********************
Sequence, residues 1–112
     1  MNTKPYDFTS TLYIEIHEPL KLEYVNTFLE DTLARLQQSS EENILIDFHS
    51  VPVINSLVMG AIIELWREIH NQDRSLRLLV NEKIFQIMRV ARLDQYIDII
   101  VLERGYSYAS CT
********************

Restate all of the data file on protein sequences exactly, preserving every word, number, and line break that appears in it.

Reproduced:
Sequence, residues 1–112
     1  MNTKPYDFTS TLYIEIHEPL KLEYVNTFLE DTLARLQQSS EENILIDFHS
    51  VPVINSLVMG AIIELWREIH NQDRSLRLLV NEKIFQIMRV ARLDQYIDII
   101  VLERGYSYAS CT